• In the Torchwood episode "Greeks Bearing Gifts", Jack claims that he started paying closer attention to his co-workers after a male colleague began "acting strange" right before going on several weeks leave and returning as a woman named Vanessa. Since Jack only mentions this in passing, it's possible that sex changes are handled differently in the 51st century, and it's always possible that Jack is just that oblivious.
  • That's what Barbara of Babs' Cabs the lady of The League of Gentlemen, wished to go for and she would have if it wasn't for one small, insignificant detail at the very last minute. She has been for some years into the process ("I've only been on the hormone treatments eighteen months. Me nipples are like bullets.") dressing and presenting herself as a woman, despite leaving many things that pointed to the contrary unchanged such as the voice and the hair. At the first series finale, she is about to make the big step and we last see her lying in the operation bed preparing for the moment only to be informed by the nurse that the surgeon isn't available but his replacement will take over. And then we see that Doctor Chinnery is the replacement and as the drug takes effect, everything fades away including the shears that he gets out.
  • In Mendol Ikemen, the manager Saeko apparently had one. But the characters keep referring to her as a man after The Reveal, suggesting she's merely a Creepy Crossdresser (or, perhaps, that the characters are just really insensitive?)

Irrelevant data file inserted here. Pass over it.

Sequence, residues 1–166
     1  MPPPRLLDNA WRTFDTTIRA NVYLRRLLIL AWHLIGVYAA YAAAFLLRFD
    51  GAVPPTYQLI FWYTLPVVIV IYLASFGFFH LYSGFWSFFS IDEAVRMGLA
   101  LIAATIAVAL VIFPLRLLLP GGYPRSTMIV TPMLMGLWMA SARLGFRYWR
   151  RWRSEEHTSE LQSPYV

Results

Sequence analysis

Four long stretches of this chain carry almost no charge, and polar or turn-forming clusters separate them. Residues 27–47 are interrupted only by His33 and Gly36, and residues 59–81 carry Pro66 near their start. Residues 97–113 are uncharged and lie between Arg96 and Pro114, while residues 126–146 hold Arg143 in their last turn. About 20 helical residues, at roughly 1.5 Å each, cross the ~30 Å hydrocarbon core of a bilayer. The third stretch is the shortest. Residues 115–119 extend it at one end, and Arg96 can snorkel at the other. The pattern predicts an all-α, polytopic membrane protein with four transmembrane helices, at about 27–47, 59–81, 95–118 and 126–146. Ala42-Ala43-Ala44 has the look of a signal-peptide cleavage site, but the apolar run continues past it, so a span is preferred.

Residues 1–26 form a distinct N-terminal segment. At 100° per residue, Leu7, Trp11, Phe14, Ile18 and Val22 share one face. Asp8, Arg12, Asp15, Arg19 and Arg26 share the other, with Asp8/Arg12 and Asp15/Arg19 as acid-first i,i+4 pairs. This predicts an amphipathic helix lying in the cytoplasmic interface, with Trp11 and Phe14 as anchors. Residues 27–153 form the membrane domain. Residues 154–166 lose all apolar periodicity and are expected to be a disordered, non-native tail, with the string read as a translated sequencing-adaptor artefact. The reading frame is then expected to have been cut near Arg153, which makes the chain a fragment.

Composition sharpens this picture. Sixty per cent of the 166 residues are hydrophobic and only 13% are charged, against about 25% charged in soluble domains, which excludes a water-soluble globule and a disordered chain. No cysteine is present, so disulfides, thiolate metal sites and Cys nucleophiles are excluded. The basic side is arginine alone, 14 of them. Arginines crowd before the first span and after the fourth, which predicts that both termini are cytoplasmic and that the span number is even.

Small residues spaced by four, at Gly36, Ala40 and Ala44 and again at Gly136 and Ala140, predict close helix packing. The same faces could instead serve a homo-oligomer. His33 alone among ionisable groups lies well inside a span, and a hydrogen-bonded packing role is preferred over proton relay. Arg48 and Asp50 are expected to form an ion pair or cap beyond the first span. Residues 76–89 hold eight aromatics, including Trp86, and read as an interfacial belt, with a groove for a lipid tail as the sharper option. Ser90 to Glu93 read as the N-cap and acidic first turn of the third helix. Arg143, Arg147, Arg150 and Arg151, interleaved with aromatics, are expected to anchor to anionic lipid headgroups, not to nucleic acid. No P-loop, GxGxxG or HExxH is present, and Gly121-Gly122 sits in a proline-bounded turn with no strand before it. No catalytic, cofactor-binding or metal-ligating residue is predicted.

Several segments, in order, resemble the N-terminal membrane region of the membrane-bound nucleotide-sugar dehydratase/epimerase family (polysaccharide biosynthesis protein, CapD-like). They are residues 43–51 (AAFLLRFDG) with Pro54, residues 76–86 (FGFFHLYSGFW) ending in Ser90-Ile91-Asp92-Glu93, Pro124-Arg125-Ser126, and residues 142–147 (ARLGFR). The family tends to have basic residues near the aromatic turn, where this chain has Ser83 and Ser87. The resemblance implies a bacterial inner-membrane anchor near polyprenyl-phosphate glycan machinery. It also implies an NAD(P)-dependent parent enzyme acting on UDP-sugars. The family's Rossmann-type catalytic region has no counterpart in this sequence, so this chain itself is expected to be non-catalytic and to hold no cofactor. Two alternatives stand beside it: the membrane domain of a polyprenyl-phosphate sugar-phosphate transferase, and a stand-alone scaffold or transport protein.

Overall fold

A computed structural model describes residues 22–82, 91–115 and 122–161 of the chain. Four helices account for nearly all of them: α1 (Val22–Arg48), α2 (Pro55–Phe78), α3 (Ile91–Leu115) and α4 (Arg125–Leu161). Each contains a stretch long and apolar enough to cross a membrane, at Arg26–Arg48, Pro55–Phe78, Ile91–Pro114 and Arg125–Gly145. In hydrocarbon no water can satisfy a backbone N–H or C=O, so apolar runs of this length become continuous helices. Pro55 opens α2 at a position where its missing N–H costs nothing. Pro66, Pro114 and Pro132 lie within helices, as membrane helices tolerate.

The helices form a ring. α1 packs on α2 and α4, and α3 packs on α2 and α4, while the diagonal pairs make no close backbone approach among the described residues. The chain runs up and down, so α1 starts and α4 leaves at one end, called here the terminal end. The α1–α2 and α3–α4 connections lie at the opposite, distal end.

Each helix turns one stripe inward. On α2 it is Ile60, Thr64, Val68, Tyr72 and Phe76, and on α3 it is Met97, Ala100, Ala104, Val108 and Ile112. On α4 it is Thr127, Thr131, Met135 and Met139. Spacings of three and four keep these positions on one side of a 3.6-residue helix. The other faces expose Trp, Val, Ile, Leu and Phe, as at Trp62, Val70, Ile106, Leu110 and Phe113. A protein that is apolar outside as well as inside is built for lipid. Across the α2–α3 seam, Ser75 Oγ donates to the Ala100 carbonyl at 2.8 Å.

• Averted in the Picket Fences episode "Pageantry". A schoolteacher is found to be transgender which causes problems with the townsfolk. Jill Brock defends the transgender individual's credibility by explaining that undergoing such a process involves a number of steps and is not something done on a whim.
  • The L Word: Averted with trans man Max (Moira formerly). The characterization was generally pretty awful, and much of the actual science was off - being on testosterone for as long as he'd been, it would be damn near impossible to get pregnant, even with no birth control methods being used; also, "roid rage" is a myth, and as such couldn't possibly be exacerbated by having testosterone obtained illegally. Non-prescribed testosterone's risks are vastly associated with the substance either being doctored or effectively "overdosing" - after a certain point, testosterone reaches maximum saturation in the body and the remainder is converted into estrogen, which is why non-trans bodybuilders using it can experience shrinking of testicles and breast growth. But he did hold a benefit to pay for his chest surgery (breast reduction/chest masculinization), which meant he couldn't afford even the more basic and less expensive of the "sex change" surgeries. Just FTM chest surgery ranges run about $8k in reality, not including travel, time off work, etc.